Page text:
Shaping Perception of Public Schools
By Lawrence Hardy
Mahmoud Ahmadinejad. Kim Jong-un. America’s public schools.
What do these three have in common? The first two, leaders of Iran and North Korea, respectively, are threats to U.S. security. And the third? According to a report last year by the august Council on Foreign Relations, “U.S. Education Reform and National Security,” they’re a threat -- or, more precisely, their poor performance is a threat -- as well.
The comparison is outrageous and offensive. And, to be sure, the report’s authors didn’t make it. But then, they didn’t have to. The reader’s mind does an excellent job of that on its own.
“There is a tremendous amount of oppositional language that kind of creates a sense of opposing parties, and almost the threat of an enemy,” says Julie Sedivy, a linguist at the University of Calgary, Alberta, and co-author of Sold on Language: How Advertisers Talk to You and What This Says About You. “That’s very emotional language, and it serves a purpose of setting up a potential enemy that everyone needs to rally against.”
Guess who that enemy is?
Not so long ago, people who devoted much if not all of their professional lives to public education -- administrators, teachers and counselors, school board members -- could simply concentrate on the critical work before them, They knew the public, while not agreeing with everything they did, would be behind them. That time is now gone.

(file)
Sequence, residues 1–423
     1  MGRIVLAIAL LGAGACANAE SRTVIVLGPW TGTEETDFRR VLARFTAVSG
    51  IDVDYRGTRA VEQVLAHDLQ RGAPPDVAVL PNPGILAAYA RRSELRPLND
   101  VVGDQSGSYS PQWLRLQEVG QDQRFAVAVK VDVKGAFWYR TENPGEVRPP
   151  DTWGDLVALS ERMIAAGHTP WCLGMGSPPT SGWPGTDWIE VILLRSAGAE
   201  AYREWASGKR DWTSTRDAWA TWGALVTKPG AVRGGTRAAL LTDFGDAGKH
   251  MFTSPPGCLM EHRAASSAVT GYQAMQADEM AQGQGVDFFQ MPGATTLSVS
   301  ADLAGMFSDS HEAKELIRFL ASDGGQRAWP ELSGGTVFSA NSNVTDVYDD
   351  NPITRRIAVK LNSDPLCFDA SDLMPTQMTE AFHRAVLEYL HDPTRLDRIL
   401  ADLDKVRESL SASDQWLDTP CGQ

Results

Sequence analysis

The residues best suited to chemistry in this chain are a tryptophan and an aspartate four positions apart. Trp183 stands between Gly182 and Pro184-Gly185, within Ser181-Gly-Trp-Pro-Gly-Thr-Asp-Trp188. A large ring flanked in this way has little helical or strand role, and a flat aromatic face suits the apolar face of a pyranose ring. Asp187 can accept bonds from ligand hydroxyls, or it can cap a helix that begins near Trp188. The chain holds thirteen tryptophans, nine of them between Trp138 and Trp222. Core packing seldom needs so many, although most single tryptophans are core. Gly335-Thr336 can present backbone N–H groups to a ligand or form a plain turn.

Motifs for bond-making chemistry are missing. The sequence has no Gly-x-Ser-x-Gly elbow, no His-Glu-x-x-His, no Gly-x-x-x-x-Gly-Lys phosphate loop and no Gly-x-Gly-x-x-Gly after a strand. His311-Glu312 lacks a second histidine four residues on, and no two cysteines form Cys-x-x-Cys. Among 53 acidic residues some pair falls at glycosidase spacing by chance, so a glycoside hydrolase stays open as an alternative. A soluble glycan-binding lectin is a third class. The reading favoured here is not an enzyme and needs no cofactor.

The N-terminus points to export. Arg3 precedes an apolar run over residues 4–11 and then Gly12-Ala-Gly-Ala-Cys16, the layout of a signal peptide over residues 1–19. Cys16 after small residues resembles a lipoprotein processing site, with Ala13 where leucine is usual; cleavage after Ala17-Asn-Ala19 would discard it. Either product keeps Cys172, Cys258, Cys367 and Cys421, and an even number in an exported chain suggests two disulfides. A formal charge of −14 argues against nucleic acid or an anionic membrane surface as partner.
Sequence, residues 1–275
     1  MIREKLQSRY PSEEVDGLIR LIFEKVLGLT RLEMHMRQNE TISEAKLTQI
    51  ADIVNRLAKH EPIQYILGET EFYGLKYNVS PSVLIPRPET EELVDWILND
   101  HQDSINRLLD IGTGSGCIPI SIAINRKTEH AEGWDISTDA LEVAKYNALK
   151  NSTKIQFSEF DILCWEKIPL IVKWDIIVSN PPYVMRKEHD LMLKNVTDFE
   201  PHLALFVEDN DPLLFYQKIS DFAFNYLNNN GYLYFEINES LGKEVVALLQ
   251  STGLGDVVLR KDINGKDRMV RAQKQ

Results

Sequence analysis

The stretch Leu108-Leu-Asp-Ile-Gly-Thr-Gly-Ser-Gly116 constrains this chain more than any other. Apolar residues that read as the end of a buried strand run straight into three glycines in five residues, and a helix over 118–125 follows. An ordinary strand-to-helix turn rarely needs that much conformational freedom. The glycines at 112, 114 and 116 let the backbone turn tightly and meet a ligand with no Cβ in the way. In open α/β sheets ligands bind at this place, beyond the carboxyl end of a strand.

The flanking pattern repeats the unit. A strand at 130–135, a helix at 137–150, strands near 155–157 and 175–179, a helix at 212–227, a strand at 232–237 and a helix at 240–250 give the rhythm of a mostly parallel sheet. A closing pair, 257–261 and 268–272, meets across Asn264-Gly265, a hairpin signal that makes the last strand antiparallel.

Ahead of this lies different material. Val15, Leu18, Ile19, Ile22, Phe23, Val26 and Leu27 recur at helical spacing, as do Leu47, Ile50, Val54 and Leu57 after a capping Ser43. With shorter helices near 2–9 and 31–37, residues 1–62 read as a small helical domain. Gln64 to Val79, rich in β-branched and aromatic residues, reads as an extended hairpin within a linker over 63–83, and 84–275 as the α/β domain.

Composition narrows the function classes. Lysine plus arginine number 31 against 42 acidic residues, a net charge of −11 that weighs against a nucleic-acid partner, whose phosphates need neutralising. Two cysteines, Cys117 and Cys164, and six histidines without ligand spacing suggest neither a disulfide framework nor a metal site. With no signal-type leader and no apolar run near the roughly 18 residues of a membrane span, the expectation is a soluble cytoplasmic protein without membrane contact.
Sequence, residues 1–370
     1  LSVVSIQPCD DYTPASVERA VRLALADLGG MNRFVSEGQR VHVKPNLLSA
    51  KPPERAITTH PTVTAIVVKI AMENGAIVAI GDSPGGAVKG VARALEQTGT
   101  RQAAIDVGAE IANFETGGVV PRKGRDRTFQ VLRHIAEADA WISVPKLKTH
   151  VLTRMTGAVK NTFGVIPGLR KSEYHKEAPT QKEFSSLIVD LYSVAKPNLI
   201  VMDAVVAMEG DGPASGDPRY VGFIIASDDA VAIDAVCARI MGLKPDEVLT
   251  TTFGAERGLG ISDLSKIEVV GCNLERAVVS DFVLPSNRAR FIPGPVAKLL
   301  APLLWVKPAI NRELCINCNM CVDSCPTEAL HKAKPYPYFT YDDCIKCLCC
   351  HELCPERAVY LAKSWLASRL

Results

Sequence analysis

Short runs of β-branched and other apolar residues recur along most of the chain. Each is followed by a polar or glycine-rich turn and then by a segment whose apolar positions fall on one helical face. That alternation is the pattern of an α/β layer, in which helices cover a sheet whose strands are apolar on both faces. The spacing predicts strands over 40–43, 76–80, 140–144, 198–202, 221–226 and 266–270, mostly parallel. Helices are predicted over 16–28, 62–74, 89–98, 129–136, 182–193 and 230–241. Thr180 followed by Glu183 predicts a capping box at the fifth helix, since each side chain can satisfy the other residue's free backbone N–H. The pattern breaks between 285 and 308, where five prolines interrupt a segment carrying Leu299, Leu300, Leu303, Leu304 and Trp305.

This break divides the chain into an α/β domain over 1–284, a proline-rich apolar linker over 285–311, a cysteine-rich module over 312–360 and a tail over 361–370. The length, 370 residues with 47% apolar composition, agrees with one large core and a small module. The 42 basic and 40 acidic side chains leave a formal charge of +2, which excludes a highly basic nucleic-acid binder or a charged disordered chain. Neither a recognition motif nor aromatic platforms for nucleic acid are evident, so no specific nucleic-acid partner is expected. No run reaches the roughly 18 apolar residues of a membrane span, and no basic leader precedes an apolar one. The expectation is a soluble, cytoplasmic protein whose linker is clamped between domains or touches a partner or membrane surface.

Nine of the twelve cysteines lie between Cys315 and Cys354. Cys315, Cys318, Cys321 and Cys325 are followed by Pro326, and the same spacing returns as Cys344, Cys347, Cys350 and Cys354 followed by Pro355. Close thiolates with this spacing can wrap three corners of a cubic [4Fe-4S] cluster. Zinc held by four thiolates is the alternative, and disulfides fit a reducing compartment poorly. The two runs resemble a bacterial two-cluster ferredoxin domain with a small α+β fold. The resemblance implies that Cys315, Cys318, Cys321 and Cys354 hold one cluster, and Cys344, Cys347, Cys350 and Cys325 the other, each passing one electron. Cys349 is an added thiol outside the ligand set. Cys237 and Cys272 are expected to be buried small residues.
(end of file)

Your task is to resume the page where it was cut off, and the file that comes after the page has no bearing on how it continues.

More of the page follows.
To win the fight -- and it is a fight -- for public education, school leaders must be more aggressive in standing up and confronting those who would privatize public schools, in some instances, with the expectation of considerable financial gain. That means changing, or not entering, the “no-win” conversations and not accepting the other side’s characterizations of “failing schools,” “incompetent teachers,” or what Louisiana State Superintendent John White, in describing opponents of yet another plan for state voucher expansion, labeled “entrenched interests.”
For those with a real interest in saving public schools and keeping privatization proponents at bay, now is not the time to be shy, says NSBA Executive Director Thomas J. Gentzel. To respond to these challenges, Gentzel last fall announced the creation of the New NSBA, a comprehensive rethinking of the organization that aims to strengthen ties with state school board associations and lobby more aggressively on behalf of public schools.
“The institution of public education is being slowly whittled away,” Gentzel says. “A little chip here, a little chip there -- it may not seem like much, but over time it has an impact. We have to stand up before it’s too late.”
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